The framework we have developed for understanding neurobiological systems is summarized below by what we call "Principles of Neural Engineering". We have used these principles to define a methodology for constructing simulations of neural systems (the methodology is also discussed in more detail below). We have had great success in applying both the principles and the related methodology to constructing models of perceptual, motor, and cognitive systems.

Principles of Neural Engineering

  1. Neural representations are defined by the combination of nonlinear encoding (exemplified by neuron tuning curves) and weighted linear decoding. [further discussion]
  2. Transformations of neural representations are functions of variables that are represented by neural populations. Transformations are determined using an alternately weighted linear decoding (i.e., the transformational decoding as opposed to the representational decoding). [further discussion]
  3. Neural dynamics are characterized by considering neural representations as control theoretic state variables. Thus, the dynamics of neurobiological systems can be analyzed using control theory. [further discussion]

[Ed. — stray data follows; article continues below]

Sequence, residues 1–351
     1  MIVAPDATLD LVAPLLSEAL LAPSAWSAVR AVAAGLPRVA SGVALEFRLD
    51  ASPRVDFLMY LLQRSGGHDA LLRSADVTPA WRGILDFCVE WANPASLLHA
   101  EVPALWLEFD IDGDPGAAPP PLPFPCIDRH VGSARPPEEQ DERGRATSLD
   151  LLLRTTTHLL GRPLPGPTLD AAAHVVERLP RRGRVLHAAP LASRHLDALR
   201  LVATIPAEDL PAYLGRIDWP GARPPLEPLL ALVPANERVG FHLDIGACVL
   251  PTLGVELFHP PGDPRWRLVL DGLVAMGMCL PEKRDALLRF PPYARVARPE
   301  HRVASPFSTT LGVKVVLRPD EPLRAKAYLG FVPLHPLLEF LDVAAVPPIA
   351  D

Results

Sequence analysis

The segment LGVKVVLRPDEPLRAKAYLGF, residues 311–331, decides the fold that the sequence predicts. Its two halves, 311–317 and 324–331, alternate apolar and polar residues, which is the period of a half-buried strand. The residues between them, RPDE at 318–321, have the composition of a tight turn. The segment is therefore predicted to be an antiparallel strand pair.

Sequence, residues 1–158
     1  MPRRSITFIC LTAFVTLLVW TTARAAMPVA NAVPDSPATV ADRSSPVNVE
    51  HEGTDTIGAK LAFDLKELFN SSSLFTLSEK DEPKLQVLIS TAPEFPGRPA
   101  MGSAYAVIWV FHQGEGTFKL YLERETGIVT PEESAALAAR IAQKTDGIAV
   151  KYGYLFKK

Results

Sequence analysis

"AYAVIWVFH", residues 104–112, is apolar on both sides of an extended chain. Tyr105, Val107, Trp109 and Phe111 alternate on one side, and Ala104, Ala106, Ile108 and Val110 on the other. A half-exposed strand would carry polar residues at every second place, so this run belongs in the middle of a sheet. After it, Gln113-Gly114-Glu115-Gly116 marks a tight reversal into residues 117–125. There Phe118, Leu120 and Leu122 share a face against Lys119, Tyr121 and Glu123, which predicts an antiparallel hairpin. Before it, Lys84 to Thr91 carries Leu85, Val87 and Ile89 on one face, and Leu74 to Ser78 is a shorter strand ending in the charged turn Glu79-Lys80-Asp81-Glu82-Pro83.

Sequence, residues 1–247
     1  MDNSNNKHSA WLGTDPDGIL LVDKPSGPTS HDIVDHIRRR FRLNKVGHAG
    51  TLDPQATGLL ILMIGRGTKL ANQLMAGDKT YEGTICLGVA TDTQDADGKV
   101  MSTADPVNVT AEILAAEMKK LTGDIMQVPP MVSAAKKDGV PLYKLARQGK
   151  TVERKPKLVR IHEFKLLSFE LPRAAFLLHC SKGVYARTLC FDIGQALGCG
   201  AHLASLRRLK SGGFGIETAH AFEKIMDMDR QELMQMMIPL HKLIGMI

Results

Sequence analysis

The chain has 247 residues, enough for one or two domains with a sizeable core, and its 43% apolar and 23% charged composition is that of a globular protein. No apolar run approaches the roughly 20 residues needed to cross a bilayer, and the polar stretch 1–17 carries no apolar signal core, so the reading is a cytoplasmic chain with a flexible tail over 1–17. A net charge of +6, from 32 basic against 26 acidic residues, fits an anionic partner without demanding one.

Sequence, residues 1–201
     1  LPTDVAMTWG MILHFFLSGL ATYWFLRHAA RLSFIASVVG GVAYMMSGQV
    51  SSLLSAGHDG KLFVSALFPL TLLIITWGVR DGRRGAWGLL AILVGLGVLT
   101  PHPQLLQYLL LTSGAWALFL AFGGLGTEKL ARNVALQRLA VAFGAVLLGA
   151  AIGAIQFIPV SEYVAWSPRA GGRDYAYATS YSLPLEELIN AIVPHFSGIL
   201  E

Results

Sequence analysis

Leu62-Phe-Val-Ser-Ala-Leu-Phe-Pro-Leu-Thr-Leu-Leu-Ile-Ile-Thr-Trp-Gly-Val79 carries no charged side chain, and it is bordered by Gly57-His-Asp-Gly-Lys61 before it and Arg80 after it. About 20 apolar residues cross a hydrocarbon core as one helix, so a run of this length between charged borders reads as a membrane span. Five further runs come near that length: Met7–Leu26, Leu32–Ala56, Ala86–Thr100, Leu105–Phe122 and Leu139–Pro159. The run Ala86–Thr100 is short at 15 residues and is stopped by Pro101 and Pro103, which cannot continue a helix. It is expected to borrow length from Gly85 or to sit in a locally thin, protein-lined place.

Neural systems are subject to significant amounts of noise. Therefore, any analysis of such systems must account for the effects of noise. [further discussion]


Relying on these four principles for understanding the information processing characteristics of neurobiological systems has lead us to develop the following methodology for constructing simulations of neural systems.

Step 1: System description

The main goal of the first step is to describe the neural system of interest in such a way that the principles outlined previously are directly applicable to it. In particular, available neuroanatomical data and a good functional understanding (hypothetical or otherwise) are used to describe the architecture, function, and representations of the neural system. This description should include at least interconnectivity between subsystems, neuron response functions, neuron tuning curves, subsystem functional relations, and overall system behavior.